So much has been said on the topic of transition, of sitting with discomfort in growth the way the caterpillar turns into sludgy goo inside the cocoon before being reborn with wings. To that I will add the many metaphors for my own recent mental state: the phoenix, once again in her ashes; the sensation of walking along the edge of a cliff; the feeling of falling, again and again, backward into the cave.
A friend wrote, “You have people who are gripping a rope that’s attached to you at the mouth of that cave,” and, even through the fog of what depression does to my brain, I could sense the truth in those words, feel the tug at my center and the pulse of those on the other side of the rope.
For weeks, it has dimly occurred to me that I need to write, now more than ever, every single day, to document this place at the bottom of the plummet so that I can make a map out of here. But the weight of the pen has been too heavy.
I can say that it has felt like a stasis in time that only applies to me – as though I am frozen and desperately trying to fast-forward while the entire world marches torturously along without me. I can say that my days have consisted primarily of sleep, with echoes of my own suggestions sometimes playing out in begrudging hikes, walks, a yoga class, an outing with a friend. I can say I’ve taken care of my child and kept my home from falling entirely into disrepair; laundry is done and meals are made. But there has been little else.
My mind when it gets loud is at war with itself. One on side of the battlefield is the Ambitious Ego, the moral one, the one who has only Highest Expectations. She shouts things like “time is running out! You need to get off your butt and make things happen. Change your mindset! Go outside, grab a summit or two. This is ridiculous – we aren’t doing this again,” while her reflection, the Grieving Girl, whispers, “It’s too sad, too heavy. It’s already too late; nothing matters. It’s okay to crumble. It’s okay to sleep another day. Just rest and resign yourself.”
There are other forces at play, too, like my usually clear grasp of the future path, my crystalline understanding of the way forward, distorting into a chaos monster. Like my own intuition becoming my enemy. And the not-yet-vanquished Traumatized Child chanting poverty mentality victimhood poison like an undercurrent of psychobabble, “you’re going to end up just like your mother, a lonely dead addict,” and “you’re a failure; nobody wants you, you’re a terrible person who has pushed everyone in your life away; you aren’t special, nobody cares what you have to say; give up your daydreams before you find yourself living on the street.”
Spirit is there, too, with gentleness and reassurances, omens and messages of hope. Spirit is strong, and she’s getting me through with the gifts of basic functionality, caring friends, and a lifetime of fully developed, habitual healthy practices to fall back on.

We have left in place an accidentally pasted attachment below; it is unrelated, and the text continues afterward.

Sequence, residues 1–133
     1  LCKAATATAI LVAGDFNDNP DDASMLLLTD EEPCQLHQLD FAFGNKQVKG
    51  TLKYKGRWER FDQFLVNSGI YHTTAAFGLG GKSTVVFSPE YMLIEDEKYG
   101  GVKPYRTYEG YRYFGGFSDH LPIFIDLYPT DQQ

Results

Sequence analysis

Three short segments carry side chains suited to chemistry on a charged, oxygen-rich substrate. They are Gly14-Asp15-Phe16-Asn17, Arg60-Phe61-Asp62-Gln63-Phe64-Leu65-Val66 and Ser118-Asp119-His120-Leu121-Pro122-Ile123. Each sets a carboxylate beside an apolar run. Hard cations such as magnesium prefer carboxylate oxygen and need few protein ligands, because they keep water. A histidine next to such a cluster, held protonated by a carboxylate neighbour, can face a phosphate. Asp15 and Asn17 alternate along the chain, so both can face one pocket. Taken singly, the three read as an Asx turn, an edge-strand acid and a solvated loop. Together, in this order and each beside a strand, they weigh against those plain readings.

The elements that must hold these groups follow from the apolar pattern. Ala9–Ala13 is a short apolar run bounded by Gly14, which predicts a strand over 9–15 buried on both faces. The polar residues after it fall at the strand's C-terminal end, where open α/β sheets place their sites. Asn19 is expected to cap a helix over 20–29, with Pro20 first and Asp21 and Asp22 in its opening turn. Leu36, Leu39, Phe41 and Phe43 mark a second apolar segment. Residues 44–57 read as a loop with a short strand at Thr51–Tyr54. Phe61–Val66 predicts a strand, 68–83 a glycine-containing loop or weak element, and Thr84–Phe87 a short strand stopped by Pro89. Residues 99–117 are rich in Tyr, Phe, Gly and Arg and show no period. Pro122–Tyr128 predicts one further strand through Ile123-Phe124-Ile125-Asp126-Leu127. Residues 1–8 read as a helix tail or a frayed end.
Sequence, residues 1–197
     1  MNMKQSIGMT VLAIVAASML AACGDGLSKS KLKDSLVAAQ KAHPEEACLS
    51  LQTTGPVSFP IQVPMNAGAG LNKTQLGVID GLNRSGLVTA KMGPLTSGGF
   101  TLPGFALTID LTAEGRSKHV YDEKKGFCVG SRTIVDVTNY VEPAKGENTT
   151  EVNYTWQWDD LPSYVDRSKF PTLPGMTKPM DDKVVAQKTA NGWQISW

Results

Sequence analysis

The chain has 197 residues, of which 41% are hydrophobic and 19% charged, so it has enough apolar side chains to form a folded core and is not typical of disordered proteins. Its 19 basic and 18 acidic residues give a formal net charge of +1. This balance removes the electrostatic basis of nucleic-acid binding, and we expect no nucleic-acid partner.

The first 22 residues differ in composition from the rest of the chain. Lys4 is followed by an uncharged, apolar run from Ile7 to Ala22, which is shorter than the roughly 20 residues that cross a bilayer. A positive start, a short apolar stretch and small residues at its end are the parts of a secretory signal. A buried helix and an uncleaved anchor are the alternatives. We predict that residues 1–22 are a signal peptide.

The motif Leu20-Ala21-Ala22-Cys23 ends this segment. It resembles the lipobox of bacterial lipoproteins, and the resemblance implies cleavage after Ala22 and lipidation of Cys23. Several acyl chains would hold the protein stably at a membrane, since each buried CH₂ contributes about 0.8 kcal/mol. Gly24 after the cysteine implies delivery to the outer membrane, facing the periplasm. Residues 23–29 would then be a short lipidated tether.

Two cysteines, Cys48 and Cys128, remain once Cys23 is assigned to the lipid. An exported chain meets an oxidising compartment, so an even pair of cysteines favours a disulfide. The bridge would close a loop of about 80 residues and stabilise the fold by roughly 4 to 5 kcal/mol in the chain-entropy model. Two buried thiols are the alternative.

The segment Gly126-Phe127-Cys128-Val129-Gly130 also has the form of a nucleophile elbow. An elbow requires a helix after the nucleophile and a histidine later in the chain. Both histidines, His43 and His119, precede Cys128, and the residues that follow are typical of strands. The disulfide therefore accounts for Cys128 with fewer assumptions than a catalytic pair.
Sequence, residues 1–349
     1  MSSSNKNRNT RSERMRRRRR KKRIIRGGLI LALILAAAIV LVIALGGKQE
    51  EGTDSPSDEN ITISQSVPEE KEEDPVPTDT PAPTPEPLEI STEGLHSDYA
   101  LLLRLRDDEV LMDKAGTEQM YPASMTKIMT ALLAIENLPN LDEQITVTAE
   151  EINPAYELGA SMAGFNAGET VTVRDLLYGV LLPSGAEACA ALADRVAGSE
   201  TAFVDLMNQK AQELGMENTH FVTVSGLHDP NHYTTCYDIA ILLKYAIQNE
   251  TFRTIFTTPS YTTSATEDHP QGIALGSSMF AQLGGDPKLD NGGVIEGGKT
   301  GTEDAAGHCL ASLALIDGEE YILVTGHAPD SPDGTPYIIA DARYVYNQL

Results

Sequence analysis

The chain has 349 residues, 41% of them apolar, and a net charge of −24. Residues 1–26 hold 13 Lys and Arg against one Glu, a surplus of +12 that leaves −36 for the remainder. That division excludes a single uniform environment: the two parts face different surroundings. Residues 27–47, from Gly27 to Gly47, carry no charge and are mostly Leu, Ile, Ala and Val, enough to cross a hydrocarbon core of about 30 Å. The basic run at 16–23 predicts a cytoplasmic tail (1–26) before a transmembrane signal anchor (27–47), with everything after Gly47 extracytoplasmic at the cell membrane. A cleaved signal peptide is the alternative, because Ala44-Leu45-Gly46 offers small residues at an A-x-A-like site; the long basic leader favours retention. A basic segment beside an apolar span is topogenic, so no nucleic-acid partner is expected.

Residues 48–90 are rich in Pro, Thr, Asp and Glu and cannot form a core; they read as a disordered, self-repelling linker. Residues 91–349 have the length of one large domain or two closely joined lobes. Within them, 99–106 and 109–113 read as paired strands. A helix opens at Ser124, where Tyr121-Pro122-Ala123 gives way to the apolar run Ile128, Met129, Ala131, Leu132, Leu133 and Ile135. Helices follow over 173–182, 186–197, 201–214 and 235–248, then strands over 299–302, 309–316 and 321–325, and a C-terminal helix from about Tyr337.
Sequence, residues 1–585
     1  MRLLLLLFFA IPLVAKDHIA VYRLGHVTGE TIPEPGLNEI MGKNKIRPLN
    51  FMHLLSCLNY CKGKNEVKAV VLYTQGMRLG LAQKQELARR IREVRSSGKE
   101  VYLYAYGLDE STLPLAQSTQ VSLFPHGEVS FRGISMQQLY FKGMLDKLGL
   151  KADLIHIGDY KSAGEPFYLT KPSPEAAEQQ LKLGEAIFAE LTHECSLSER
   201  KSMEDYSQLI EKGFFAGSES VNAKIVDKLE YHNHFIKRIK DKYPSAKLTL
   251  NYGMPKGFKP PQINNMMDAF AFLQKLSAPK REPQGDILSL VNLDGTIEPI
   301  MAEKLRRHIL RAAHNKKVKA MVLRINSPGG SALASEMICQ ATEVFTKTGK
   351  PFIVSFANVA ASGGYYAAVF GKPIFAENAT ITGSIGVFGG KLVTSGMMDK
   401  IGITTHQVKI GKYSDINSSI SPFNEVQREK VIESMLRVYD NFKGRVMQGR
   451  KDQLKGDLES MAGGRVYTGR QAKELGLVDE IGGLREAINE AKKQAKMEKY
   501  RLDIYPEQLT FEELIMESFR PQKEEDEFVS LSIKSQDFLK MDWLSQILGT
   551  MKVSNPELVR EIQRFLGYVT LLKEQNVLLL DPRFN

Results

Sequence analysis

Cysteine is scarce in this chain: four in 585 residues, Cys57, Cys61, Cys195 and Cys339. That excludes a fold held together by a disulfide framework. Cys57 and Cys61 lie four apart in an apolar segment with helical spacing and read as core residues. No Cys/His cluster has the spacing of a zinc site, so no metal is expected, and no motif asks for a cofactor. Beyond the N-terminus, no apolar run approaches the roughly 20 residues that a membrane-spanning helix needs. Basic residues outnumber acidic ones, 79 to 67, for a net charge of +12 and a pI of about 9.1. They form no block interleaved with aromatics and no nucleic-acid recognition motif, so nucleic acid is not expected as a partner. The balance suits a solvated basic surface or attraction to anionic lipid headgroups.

I knew I had to write because I knew I’d survive it like I always do, because of everything I’ve learned and done until this point. Even when I’m running full speed in the opposite direction of my highest self and best coping mechanisms, I already know how I’ll find my way back. It’s an inevitability at this point, and the steps are always the same. With grim amusement, it occurred to me that I desperately needed my own Magical Yoga, and that documenting the journey from the middle of the muck would prove invaluable later on.
I need to share the map so we stop losing people to the goddamned cave.
Yesterday, on January 17, 2023, my mother Shelly would have turned 65 years old. She’s been dead for more than 21 years, though, and as all that math hit me, I had the urge to chuckle. Shelly was never going to be an old lady; it was unimaginable. The shell of a human I knew was a dangerous, addicted mother who died in her forties and left me an orphan. I am certain her death was fated. I predicted it within weeks. But I wonder now if the prediction was intuition or observation, an early understanding of the nature of the cave. We lost Shelly to her own darkness, and that doesn’t seem as condemnable to me today as it did when I was fifteen. The cave has its own gravity, I’m finding.
So we need ropes, maps, lanterns. We need spiritual muscle memory of the way out, which, thanks to my own many brutal attempts, I now have.
Everyone assumes the caterpillar makes it; that’s the way the metaphors are written. But a very important book called Hope for the Flowers tells a story of endless towers of caterpillars collapsing on themselves for want of reaching an imaginary peak, of thousands of caterpillars climbing all over each other to nowhere, for nothing. An abyss of directionless, hopeless, flightless creatures. Except for Yellow. She was different. She knew something was wrong with the way things were going, something was off about the abyss – and she got off that tower and found her way to a twig and built herself a dark and scary cocoon . . . and she did make it. Then, what did she do with her wings? She used them to fly back to the others and show them the way out of the dark.
But enough with the caterpillar metaphors.
I feel tender, still very much bleeding and weak, like a freshly born fawn in a Mary Oliver poem. Wobbling across the field under a dark sky, clouds clearing between storms, just enough starlight shines so that I can see a bit of a path – and it begins, as it always does, with my pen.